For the perfect water temperature, bring the water to a boil and let it cool a few seconds. Known as 'off the boil', the water is between 90 to 95 degrees Celsius. Water any cooler will not capture the full flavour of the beans. Boiling or reheating coffee literally boils away flavour.

Grind
The type of grind depends on the brewing technique: if the water is in contact with the coffee for a long period of time e.g. when using a plunger, the grind should be coarse.
If the water is to be in contact with the coffee for a short period of time e.g. when using a drip filter, the grind should be fine. Be sure your coffee beans are correctly ground for your brewing method.

It's said the best water-to-coffee ratio is 1 tablespoon of ground coffee (2 tablespoons of whole beans) for each 180ml of water.

The Manual Drip

The Manual Drip brewing process consistently produces superior coffee. Use fine ground coffee. Preheat the carafe or cup with hot water. Add coffee to the filter and place it on top of an insulated coffee carafe or cup. Evenly moisten the grounds (with water off the boil). Wait a few seconds, then add water to the top of the filter. (For more flavour let the grounds coat the sides of the filter, and not settle into the middle). Remove filter and stir coffee.

The Auto Drip
The Auto Drip brewing process produces coffee similar to the Manual Drip. Use fine ground coffee. Fill the coffee maker with cold water. Place a filter into the basket. Add 1 tablespoon ground coffee for each 180ml of water. Place coffee and filter into the holder, close lid, and turn on the machine.

Stove Top
Home Espresso coffee can be made either in a stove top espresso maker e.g. Bialetti or in a domestic electric espresso machine.

Use coffee ground medium fine.

When using a stove top always fill the coffee receptacle to the maximum level and firm down. This is because if there is insufficient coffee, or it is not packed, the water will pass through the coffee too quickly and not extract all the flavours. Unless supplied with a spacer it is not possible to use less coffee only the amount of water can be varied.

Add the required amount of water, fill the coffee holder with grounds wipe any grounds from the rim, firm the grounds and assemble the coffee maker.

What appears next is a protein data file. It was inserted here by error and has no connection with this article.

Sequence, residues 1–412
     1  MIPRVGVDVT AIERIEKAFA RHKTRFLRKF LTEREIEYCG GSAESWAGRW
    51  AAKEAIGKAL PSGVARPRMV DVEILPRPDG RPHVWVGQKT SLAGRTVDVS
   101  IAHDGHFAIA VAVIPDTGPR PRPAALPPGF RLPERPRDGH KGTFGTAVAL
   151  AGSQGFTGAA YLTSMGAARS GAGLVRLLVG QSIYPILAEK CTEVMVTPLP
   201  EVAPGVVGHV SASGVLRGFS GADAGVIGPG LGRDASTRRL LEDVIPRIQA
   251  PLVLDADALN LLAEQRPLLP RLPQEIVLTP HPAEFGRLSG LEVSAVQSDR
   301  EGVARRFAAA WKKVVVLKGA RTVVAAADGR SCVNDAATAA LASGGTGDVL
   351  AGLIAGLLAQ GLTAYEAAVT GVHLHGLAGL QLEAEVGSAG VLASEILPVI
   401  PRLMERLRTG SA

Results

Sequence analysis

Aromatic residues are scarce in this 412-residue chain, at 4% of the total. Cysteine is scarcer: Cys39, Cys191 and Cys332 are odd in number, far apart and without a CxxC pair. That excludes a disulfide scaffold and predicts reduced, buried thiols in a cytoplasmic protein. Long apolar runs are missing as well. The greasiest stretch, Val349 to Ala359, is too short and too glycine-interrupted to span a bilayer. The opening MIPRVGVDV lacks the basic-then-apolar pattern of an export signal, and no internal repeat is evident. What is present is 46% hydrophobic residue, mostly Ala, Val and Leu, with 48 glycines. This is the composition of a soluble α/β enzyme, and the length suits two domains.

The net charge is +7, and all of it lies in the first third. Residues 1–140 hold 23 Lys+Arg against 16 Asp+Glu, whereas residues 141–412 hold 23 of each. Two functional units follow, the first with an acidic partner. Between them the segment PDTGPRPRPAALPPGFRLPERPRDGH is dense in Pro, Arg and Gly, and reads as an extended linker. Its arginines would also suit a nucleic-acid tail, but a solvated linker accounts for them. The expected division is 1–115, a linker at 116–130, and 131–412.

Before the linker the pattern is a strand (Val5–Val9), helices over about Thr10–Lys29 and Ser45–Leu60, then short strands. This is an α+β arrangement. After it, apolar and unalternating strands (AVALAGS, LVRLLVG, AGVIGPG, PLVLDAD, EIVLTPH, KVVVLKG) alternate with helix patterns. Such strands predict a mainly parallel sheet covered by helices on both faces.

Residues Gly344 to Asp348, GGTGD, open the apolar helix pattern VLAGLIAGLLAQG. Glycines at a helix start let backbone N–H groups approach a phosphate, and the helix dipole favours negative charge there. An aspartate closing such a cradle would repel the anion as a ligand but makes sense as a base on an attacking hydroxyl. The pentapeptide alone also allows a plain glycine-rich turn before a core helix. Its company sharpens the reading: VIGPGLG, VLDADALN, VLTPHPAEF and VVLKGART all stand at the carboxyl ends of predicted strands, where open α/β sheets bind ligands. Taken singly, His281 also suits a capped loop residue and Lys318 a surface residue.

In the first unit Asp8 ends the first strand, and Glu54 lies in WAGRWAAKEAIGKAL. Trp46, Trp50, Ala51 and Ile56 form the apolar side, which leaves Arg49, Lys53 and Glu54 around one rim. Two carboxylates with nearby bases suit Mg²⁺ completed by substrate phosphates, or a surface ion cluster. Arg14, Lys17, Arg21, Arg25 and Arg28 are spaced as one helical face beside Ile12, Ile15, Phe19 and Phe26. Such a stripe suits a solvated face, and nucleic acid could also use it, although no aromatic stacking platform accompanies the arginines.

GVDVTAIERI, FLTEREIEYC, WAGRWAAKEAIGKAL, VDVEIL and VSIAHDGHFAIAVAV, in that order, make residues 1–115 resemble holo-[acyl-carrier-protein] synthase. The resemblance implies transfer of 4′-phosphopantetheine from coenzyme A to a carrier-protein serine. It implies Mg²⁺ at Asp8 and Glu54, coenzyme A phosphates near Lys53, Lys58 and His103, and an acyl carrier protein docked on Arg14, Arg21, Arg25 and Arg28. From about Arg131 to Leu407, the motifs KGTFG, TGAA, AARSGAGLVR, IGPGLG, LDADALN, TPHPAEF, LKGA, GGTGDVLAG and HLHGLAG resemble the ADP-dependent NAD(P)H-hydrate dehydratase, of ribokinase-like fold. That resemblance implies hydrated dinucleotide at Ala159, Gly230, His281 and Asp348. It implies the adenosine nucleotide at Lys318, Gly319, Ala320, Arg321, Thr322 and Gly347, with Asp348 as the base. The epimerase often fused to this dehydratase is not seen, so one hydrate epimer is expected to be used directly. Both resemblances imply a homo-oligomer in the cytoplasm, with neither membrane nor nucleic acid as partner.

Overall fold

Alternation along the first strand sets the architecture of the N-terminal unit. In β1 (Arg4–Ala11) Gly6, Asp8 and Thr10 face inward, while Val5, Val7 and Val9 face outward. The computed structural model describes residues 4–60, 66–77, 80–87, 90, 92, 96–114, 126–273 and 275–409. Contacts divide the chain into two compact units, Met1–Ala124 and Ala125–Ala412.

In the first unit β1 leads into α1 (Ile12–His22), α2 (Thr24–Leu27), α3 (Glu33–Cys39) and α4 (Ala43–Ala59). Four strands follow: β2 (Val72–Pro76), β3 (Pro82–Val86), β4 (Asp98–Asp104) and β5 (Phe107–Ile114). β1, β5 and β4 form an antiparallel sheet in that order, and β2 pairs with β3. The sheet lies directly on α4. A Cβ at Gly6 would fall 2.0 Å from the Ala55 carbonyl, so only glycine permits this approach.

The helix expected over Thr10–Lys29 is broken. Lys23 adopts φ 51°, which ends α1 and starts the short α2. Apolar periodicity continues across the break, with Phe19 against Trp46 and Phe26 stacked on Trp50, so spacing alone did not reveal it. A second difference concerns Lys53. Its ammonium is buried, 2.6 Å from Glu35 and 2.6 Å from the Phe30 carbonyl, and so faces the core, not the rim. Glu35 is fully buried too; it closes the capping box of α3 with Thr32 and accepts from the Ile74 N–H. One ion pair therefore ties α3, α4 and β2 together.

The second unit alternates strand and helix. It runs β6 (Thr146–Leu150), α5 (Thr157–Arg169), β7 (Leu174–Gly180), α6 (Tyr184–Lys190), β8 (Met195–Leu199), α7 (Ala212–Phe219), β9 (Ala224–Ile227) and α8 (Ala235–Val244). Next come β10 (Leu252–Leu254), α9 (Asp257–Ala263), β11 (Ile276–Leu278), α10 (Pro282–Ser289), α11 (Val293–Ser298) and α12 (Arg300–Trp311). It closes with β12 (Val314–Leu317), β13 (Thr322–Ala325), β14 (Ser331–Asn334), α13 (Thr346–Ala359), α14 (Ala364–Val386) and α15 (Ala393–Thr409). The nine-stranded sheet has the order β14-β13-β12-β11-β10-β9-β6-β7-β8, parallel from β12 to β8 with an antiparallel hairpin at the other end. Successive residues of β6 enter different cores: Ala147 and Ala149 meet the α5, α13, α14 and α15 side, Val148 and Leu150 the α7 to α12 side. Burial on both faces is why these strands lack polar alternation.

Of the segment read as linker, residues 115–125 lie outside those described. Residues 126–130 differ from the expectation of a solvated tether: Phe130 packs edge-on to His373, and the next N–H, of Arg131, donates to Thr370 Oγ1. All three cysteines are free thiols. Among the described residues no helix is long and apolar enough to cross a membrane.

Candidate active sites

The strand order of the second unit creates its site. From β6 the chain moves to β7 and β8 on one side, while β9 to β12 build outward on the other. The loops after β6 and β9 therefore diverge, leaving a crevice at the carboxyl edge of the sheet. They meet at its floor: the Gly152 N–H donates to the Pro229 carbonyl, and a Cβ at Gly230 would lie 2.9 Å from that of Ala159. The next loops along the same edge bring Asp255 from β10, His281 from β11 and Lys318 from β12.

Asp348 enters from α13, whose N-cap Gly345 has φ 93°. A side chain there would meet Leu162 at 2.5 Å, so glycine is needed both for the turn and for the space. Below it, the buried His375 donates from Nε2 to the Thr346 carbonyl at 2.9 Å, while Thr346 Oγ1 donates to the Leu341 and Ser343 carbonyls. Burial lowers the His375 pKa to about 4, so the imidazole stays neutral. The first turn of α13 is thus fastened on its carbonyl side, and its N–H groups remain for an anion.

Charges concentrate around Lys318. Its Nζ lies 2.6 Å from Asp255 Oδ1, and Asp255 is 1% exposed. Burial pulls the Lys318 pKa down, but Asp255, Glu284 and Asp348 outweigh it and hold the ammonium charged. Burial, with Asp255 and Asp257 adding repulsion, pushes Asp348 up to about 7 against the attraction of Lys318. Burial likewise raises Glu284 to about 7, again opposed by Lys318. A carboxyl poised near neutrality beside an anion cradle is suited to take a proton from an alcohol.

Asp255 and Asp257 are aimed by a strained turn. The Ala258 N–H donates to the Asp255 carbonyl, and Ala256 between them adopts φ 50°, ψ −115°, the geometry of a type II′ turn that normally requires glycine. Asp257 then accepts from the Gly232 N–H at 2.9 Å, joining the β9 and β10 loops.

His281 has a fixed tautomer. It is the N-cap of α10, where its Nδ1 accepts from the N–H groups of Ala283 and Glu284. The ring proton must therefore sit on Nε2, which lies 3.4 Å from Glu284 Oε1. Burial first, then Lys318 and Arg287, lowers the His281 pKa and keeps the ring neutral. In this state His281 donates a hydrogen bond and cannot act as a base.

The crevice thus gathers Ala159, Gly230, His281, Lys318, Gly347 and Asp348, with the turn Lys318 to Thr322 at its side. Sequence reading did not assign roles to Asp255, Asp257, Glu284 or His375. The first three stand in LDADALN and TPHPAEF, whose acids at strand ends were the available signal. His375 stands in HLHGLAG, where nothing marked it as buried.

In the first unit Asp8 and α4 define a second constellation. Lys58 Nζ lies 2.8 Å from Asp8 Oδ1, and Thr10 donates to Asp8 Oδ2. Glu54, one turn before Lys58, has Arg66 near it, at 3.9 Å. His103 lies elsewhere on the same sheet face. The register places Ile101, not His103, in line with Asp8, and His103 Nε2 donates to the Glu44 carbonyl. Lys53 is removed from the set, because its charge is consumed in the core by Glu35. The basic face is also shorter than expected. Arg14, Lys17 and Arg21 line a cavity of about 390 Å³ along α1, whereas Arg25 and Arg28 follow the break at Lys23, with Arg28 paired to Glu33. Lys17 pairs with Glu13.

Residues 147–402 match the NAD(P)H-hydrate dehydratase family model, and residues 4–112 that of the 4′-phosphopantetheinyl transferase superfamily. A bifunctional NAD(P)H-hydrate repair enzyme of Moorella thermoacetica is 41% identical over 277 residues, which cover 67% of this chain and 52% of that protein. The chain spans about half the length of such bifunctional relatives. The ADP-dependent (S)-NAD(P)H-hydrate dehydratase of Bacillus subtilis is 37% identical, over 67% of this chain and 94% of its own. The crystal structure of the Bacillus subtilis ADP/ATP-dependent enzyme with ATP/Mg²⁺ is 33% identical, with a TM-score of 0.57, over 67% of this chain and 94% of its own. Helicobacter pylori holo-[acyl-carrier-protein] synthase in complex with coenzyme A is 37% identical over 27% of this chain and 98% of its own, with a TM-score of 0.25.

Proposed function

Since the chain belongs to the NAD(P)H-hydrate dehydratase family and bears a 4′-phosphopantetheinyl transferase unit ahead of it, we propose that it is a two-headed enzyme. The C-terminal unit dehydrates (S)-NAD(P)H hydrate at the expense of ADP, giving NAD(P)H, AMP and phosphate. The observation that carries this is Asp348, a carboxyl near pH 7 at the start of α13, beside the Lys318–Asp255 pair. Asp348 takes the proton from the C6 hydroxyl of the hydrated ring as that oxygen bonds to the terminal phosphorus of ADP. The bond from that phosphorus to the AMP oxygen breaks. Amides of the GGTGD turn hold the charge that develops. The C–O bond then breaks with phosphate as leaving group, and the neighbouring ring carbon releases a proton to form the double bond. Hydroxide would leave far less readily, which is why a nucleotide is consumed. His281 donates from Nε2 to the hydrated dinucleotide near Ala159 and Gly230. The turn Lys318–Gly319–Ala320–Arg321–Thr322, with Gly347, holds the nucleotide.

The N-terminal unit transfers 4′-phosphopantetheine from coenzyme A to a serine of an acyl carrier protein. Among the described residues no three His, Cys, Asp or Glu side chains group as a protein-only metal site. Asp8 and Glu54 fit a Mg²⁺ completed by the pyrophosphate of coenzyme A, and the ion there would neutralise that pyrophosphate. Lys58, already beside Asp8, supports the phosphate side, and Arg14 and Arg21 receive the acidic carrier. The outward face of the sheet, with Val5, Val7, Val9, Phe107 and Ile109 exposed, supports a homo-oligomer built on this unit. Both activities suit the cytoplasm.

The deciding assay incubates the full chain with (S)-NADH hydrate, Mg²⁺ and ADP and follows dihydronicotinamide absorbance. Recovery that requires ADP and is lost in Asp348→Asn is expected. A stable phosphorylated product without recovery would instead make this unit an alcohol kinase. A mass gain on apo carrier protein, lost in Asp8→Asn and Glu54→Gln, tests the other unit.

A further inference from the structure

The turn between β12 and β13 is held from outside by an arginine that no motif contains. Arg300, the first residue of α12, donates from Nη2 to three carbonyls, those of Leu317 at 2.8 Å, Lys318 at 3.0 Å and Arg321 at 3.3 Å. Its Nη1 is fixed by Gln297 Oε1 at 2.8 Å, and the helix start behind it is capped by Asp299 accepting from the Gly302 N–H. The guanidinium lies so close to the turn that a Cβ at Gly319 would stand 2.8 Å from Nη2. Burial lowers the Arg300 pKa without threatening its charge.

Place on the stove until the water boils and the coffee is extracted.

Extraction is complete when the pot starts to hiss. Remove from the stove and wait a few seconds before pouring.


The Plunger or French Press

The Plunger or French Press is an excellent method for brewing the darker roasts and blends of beans and producing a full-textured coffee.

Use a medium to coarse grind of coffee. Preheat the pot and plunger with hot water. Add 1 tablespoon coffee for each 180ml cup into the glass cylinder. Slowly pour the water (just off the boil) into the cylinder and stir the grounds. Set the plunger on top of the cylinder and steep 2 to 4 minutes.

Press plunger down slowly (if the plunger does not press down easily, try a slightly coarser grind.) Allow sediment to settle for 30 seconds before pouring.

Home Espresso
If you are lucky enough to have a home espresso machine follow the manufacturer's instructions. Use medium fine ground coffee. Ask us to grind you a sample.

Ideal extraction will produce a full and persistent crema. Little or no crema indicates that the grind is too fine, a full crema that disipates quickly indicates the grind is too coarse. Good coffee is made in a preheated machine in warm cups. Always run some hot water through your machine first.

Source : Baycoffee.com.au

March 6, 2009

When you ordering coffee in your daily life , what kind of coffee did you exactly want ?


Order Like a Pro

Let's face it...ordering coffee can be intimidating the first few times. Here's how to sound like you know what you're doing...even before you really do!
Hot Stuff - The Basics

Hot Coffee drinks come in several different variations.

* Espresso - Often called a "shot", this is a small serving of very strong coffee, and forms the basis of all the other specialty coffee drinks.
* Latte - Espresso with steamed milk and a little bit of foam on top.
* Cappuccino - Espresso with frothed milk on top.
* Espresso Machiatto - Espresso with very little foam.
* Breve - A latte made with half and half rather than milk.
* Cafe au Lait - Steamed milk with brewed coffee (not espresso).
* Mocha - Latte with dark chocolate.
* White Mocha - Latte with white chocolate
* Americano - Espresso with hot water.
* Italiano - Espresso in brewed coffee.
* Steamer - Not really coffee at all, but steamed milk with one of several flavors added. (Kids love 'em.)

Coffee is an energy drink or not....?

Who thinks that coffee and energy drinks actually work and help you stay awake? Lets say you only got 4 hours of sleep and you have to wake up to go to work and then to school and in order to wake up you either drink coffee or an energy drink and do they actually wake you up or not.

Please share your experience with coffee.
Thanks

March 5, 2009

Do you know Starbucks has changed their logo three times since 1970